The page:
Israel and Turkey today signed a new bilateral aviation agreement that further strengthens ties between the two countries, which have been moving closer for months after years of diplomatic tension and friction.
The pact, signed in Israel between the heads of the aviation authorities of the two states, will allow the resumption of flights by Israeli airlines to Turkey, while also helping to make more room for Turkish airlines to fly to Israel, Israeli Prime Minister Yair Lapid's office said in a statement.
According to the same source, the agreement marks "an important milestone in the promotion of relations between the two countries" and serves to "expand and develop their bilateral ties".
The deal was forged after "open and constructive negotiations in recent weeks", and after talks on the issue between Turkish Foreign Minister Mevlüt Çavusoglu and Lapid, who visited Turkey as Israeli Foreign Minister a few weeks ago.
Israel and Turkey continue to make progress in their thawing process that began in 2022, after years of diplomatic tension that in 2018 culminated in the withdrawal of their respective ambassadors.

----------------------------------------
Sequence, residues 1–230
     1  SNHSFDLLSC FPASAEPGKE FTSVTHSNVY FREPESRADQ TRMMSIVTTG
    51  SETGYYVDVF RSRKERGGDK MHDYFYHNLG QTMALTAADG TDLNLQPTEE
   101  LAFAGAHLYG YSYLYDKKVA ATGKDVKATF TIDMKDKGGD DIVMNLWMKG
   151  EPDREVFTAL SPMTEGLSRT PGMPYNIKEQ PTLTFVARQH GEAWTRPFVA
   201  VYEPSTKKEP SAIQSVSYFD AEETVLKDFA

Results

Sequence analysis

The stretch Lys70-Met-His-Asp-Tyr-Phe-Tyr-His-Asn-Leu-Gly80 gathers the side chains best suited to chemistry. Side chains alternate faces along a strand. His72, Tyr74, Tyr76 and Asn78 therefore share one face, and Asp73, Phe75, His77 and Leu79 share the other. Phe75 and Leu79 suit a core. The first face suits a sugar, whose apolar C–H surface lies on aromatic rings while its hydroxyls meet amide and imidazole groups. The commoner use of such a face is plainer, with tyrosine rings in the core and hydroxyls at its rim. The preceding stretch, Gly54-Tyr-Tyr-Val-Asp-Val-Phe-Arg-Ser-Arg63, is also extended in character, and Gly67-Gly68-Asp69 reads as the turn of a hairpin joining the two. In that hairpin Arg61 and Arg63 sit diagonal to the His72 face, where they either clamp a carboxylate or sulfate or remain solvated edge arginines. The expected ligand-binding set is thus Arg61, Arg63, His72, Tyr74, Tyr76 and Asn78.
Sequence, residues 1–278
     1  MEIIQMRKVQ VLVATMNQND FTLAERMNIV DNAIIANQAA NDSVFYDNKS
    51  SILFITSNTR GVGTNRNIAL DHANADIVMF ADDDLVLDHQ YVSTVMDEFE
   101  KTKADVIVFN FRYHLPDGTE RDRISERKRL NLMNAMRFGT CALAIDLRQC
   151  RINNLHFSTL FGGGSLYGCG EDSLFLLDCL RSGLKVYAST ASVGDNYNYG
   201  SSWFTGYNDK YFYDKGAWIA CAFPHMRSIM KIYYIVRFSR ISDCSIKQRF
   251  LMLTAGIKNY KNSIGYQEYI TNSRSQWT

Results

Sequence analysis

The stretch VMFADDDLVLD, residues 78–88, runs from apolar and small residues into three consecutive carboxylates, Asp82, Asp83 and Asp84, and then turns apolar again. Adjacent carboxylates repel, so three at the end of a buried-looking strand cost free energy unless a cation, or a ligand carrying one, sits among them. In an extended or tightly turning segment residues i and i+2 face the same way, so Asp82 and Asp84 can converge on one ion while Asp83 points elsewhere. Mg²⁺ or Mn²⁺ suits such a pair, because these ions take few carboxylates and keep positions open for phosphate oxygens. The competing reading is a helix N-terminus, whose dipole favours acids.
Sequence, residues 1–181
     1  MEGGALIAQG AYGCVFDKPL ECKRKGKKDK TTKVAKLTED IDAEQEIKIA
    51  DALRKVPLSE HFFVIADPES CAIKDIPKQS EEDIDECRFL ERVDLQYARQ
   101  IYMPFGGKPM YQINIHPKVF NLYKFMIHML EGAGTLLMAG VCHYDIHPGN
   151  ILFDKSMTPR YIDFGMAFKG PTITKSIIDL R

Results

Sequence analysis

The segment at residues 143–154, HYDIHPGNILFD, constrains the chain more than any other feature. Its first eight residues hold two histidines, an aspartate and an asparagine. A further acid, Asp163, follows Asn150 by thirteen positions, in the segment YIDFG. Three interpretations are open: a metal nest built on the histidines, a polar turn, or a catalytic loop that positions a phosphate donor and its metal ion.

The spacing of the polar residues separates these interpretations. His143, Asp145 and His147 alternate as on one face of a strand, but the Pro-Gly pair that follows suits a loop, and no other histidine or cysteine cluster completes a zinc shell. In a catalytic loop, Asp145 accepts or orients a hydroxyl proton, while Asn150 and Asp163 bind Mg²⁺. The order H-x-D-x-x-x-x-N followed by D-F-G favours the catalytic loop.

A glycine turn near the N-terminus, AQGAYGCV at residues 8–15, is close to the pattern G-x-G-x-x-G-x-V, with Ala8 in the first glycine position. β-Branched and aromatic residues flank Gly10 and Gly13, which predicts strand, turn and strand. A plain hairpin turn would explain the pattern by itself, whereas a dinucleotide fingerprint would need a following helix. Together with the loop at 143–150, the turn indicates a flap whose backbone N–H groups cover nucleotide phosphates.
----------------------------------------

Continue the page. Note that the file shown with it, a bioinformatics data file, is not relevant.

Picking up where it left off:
Shortly after Israel's creation more than 70 years ago, Turkey was one of the first Muslim countries to establish relations with the Jewish state, but the two countries have drifted apart in recent decades over Ankara's pro-Palestinian stances and its opposition to Israel's occupation of Palestinian territories.
Turkish President Recep Tayip Erdogan's pro-Palestinian rhetoric once generated bitter friction with former Israeli Prime Minister Benjamin Netanyahu.
This year, Erdogan showed a willingness to re-engage with Israel, and in this context, Israeli President Isaac Herzog made an official visit to Ankara last March that was a first step towards a thaw between the two sides.